Definitions

from The American Heritage® Dictionary of the English Language, 5th Edition.

  • noun A demand by an audience for an additional performance, usually expressed by applause.
  • noun An additional performance in response to an audience's demand.
  • transitive verb To demand an encore of.
  • interjection Used to demand an additional performance.

from The Century Dictionary.

  • Again; once more: used in calling for a repetition of a particular part in a theatrical or musical performance.
  • noun A call by an audience for a repetition of some part of a performance.
  • noun A repeated performance; a repetition in or as if in response to a recall: as, the conductor refused to give any encores.
  • To call for a repetition of (a particular part of an entertainment).

from the GNU version of the Collaborative International Dictionary of English.

  • noun A call or demand (as, by continued applause) for a repetition.
  • adverb Once more; again; -- used by the auditors and spectators of plays, concerts, and other entertainments, to call for a repetition of a particular part.
  • transitive verb To call for a repetition or reappearance of.

from Wiktionary, Creative Commons Attribution/Share-Alike License.

  • noun A brief extra performance, done after the main performance is complete.
  • interjection said by audience members after a performance Please perform again!
  • verb To call for an extra performance or repetition.
  • verb To call for an encore.

from WordNet 3.0 Copyright 2006 by Princeton University. All rights reserved.

  • noun an extra or repeated performance; usually given in response to audience demand
  • verb request an encore, from a performer

Etymologies

from The American Heritage® Dictionary of the English Language, 4th Edition

[French, still, yet, again, probably from Vulgar Latin *hinc ad hōram, from that to this hour : Latin hinc, from here (from hic, this) + Latin ad, to; see ad– + Latin hōram, accusative of hōra, hour; see hour.]

from Wiktionary, Creative Commons Attribution/Share-Alike License

From French encore ("more, again").

Examples

  • I found that a lot of composers in this project wanted to redefine the term 'encore.'

    News

  • I found that a lot of composers in this project wanted to redefine the term 'encore.'

    News

  • The Purpose Prize recognizes social innovators over 60 years old who are engaged in what it calls encore careers, solving social issues.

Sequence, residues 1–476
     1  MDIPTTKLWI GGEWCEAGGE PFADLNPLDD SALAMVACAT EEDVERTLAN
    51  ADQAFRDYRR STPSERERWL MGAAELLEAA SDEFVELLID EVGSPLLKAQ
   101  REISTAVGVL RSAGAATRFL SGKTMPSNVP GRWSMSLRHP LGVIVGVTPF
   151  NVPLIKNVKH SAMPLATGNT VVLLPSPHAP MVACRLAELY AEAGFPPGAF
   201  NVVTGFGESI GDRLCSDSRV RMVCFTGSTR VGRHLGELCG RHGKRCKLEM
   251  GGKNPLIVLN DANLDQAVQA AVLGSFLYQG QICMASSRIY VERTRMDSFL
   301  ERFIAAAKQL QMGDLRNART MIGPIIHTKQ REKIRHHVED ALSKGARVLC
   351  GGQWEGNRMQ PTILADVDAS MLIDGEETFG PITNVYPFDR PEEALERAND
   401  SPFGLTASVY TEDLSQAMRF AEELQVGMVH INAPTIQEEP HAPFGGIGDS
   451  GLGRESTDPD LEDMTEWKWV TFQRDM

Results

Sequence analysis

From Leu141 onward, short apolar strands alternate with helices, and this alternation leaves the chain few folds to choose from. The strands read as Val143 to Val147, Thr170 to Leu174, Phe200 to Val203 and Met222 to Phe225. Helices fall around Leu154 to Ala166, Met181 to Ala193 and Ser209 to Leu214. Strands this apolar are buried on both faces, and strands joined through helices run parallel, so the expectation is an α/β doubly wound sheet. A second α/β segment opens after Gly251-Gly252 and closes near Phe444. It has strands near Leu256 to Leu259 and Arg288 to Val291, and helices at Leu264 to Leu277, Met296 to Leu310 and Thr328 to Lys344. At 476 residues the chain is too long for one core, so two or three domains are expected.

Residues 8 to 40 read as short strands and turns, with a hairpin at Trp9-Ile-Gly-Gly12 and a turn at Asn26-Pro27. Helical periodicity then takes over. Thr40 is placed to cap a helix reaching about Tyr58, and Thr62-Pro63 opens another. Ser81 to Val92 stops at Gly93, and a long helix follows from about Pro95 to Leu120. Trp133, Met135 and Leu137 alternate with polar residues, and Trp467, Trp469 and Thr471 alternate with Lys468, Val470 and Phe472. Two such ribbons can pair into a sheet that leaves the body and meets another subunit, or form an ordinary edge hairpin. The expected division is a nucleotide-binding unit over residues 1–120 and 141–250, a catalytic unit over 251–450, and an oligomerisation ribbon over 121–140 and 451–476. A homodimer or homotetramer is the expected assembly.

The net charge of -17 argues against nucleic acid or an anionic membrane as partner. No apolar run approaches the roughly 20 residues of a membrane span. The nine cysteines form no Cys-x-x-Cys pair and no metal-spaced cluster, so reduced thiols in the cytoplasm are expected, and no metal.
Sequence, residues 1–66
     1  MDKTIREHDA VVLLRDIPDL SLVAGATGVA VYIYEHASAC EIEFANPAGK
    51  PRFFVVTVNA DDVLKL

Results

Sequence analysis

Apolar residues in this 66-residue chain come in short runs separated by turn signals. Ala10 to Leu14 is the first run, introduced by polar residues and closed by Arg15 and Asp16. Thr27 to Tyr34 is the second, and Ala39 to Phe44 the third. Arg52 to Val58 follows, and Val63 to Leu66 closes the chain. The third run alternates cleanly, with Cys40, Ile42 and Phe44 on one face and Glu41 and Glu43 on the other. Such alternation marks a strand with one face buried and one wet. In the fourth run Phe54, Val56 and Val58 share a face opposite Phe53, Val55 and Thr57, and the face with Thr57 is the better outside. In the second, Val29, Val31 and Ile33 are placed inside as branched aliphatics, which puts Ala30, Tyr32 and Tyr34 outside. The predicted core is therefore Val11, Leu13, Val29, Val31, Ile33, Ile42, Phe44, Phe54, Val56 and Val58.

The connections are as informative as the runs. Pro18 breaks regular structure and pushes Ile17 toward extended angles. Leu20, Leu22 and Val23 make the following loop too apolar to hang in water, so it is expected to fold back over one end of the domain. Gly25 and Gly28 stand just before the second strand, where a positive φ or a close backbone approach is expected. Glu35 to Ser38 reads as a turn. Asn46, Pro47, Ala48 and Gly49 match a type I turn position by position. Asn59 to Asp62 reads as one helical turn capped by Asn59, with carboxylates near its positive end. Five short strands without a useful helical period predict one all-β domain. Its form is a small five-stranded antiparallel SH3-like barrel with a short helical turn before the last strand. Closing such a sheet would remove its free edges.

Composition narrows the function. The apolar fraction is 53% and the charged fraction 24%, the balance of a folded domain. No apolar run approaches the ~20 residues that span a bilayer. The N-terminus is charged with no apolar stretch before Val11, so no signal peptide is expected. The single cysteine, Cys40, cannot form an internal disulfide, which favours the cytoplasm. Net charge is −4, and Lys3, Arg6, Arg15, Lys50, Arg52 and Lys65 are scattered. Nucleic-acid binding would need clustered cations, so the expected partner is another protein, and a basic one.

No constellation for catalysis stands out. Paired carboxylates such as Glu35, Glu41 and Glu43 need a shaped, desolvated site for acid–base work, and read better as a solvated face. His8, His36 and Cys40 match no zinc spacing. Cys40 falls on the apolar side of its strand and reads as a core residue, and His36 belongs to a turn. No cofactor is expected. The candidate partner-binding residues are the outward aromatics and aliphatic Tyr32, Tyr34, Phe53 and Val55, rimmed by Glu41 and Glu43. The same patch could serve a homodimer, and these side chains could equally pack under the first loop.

Durangoherald.com

  • Some positive reviews might mean a Super Bowl encore is on the way.

    As change comes for Steelers, can winning ways be saved?

  • Similarly, when you're listening to music played across a century from the ghost of a drowning ship, to allow your musicians to return for an encore is ... not quite right.

    fudge & marshmallow creme recipes

  • Actually, what we're doing for an encore is having the whole fambly come down for a day or two.

    Well.

  • January 12, 2005 10: 09 antitext: ooh. look it's orbital. good stuff! and for those interested, and mp3 of the encore from the last orbital show can be found here.

    Orbital Sander or Orbital Lander? (Music (For Robots))

  • It was about 1710 that the word encore was introduced at the operatic performances in the Haymarket, and very much objected to by plain - going Englishmen.

    Essays from 'The Guardian'

  • It’s not often that the encore is truly a showstopper above and beyond the preceding program’s actual content, but it was here.

    Archive 2007-03-01

  • It’s not often that the encore is truly a showstopper above and beyond the preceding program’s actual content, but it was here.

    Old Masters

Comments

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  • "Now can I get an encore, do you want more

    Cookin' raw with the Brooklyn boy

    So for one last time I need y'all to roar"

    January 10, 2007

  • Quelqu'un ma dit que tu mamais encore...

    -Carla Bruni

    July 26, 2009